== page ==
BY KRISTEN MORALES
Michael Levine, the founding member of the Dallas Brass, believes there is one instrument that has profoundly changed how we live our lives: The remote control.
"With all the inventions that have come up in the last 20-30 years, the most powerful invention of them all is the remote control," he said. "Kids are now growing up with the sense that in the palm of their hand they’ve got hundreds of choice. And if you don’t like it, in a microsecond you can zap it."
Thus the challenge Dallas Brass faces when they roll into town on Thursday. They have just one show, one chance to grab the attention of kids and adults alike.
So, how do you compete? Well, Levine said, you can start by getting the kids involved.
Formed in 1983, the group of six travel the country and the world making the music of bold brass instruments, like the trombone and tuba, accessible to the masses.
When the renowned group performs one week from today, they won’t be on the stage by themselves — they’ll also feature more than 150 middle and high schoolers in two numbers during the lively performance.
"I narrate the concert, we have a little bit of humor, a little choreography, most of the show is memorized, we have lighting. We try to make it a fun show," he said. "The appealing side about brass is brass is exciting; it’s bold, its not subdued, its not quiet or subtle.
"I just can’t picture a string quartet coming out and opening with a (John Phillip) Sousa march."
David Jones, band director at Johnson High School, has been organizing the students for the concert. He said everyone has been practicing their songs for the big performance, and the students are looking forward to the experience to be on stage at the Georgia Mountains Center.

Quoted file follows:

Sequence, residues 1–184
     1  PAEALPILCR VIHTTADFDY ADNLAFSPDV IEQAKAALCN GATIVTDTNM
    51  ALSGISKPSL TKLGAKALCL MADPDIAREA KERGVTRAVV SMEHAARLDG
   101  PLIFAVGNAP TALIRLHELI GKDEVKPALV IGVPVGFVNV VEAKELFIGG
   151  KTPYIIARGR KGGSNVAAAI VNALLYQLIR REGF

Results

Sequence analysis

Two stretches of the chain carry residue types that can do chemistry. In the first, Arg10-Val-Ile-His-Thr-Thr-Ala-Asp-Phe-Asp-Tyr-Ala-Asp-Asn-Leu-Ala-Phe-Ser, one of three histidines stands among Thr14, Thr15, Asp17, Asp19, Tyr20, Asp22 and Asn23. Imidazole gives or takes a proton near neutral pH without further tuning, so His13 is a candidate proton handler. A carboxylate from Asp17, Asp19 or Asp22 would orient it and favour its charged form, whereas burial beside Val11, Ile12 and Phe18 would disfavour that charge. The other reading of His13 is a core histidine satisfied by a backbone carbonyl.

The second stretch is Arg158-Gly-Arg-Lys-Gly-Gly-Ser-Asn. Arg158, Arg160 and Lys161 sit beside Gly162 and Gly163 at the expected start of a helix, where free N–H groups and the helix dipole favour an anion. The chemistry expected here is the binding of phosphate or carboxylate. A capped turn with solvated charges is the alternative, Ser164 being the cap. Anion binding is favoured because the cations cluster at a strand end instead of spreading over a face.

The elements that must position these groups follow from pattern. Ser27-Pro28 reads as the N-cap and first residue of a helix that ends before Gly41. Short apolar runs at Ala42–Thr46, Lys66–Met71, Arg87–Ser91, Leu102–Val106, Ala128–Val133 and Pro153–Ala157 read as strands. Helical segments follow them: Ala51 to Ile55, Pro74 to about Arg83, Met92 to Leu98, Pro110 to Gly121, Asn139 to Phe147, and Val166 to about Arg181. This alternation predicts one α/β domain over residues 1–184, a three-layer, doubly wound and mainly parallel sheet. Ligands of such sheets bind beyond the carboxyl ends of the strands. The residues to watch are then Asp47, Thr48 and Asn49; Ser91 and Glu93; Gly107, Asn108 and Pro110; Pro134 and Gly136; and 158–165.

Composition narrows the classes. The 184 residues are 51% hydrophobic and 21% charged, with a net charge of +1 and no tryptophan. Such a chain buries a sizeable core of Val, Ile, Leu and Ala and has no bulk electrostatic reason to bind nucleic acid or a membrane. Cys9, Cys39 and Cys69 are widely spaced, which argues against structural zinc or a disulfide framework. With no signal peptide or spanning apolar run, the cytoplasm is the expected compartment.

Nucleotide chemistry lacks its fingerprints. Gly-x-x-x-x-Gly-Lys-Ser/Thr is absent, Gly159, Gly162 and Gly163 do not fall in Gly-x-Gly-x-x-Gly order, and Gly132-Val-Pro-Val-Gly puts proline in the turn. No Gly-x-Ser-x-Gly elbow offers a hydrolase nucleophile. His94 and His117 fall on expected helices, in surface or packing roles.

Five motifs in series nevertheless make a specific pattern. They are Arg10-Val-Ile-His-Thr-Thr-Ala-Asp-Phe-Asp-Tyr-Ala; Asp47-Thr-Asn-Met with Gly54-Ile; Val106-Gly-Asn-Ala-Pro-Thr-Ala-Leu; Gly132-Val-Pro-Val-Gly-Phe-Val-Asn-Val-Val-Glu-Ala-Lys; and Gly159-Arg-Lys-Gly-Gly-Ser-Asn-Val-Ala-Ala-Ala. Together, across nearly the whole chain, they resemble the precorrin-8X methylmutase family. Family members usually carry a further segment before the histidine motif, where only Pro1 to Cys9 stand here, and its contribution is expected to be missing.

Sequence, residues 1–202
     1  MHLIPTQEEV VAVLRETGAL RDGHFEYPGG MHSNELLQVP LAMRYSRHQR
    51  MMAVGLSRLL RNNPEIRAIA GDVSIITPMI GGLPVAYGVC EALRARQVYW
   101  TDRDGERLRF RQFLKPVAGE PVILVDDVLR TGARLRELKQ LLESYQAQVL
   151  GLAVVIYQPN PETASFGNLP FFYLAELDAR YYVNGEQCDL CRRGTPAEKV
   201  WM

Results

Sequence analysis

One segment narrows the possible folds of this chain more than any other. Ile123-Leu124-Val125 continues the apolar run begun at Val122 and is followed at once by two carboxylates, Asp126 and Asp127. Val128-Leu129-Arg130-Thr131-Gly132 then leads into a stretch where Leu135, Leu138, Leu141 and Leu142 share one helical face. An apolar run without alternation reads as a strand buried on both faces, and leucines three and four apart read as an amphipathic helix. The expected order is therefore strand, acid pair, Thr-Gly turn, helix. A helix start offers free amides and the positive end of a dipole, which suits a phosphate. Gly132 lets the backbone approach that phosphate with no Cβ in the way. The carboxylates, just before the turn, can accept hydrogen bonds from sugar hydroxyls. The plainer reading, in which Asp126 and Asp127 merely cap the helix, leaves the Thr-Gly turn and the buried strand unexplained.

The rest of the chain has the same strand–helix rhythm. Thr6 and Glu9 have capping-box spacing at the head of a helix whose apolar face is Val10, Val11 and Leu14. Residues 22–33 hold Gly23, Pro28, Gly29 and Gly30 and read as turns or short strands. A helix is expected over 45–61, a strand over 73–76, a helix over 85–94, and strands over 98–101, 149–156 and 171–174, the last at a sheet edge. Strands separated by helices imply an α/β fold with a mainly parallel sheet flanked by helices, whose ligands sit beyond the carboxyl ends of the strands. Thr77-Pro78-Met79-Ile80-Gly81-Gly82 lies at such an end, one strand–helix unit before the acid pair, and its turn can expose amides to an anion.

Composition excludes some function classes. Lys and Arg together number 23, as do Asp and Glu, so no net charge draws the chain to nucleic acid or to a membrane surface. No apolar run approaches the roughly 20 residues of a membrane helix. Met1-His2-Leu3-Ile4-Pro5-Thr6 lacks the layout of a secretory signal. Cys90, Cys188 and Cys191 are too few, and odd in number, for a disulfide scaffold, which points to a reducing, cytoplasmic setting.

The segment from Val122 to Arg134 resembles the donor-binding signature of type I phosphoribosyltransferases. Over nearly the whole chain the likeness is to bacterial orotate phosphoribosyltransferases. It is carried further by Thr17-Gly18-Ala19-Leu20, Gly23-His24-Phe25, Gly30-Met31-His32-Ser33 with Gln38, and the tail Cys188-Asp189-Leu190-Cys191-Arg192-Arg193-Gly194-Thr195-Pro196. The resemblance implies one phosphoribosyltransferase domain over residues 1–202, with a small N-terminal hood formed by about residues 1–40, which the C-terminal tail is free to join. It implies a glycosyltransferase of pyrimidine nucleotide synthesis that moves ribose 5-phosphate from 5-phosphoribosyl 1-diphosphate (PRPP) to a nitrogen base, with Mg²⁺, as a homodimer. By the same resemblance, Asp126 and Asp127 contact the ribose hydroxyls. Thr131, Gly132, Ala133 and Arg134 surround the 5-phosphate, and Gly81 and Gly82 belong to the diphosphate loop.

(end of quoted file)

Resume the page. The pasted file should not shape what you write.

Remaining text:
"It’s going to be a very entertaining show," he said. "We’re trying to encourage everyone to invite family and friends to come to the concert."
April 3 will be a busy day for the Dallas Brass members. They start with a performance clinic at 1 p.m. for middle schoolers, then the middle and high schoolers have a rehearsal for their performance with the band an hour later, followed by another performance clinic for the high school band members.
"(We) try to prime them for later on when they want to be in a band, so we have a lot of components that we can tap into," Levine said of the day-of clinics for the students.
"The primary purpose is just to bring music into more people’s lives, and they can choose how to make that fit into their life," he added. "If it’s listening to the radio, listening to NPR stations, joining the community band or if it means being a professional, but we’re trying to introduce music into peoples’ lives because we realize they’re inundated with so many other influences that are not music."
Levine said the fun performance of the Dallas Brass is one way he hopes more people can be exposed to different kinds of music.
"We want to reach average people who watch football and watch TV and play video games and people who are just caught up in popular culture and have no interest in going to the symphony, the ballet, the opera, chamber music, any of that."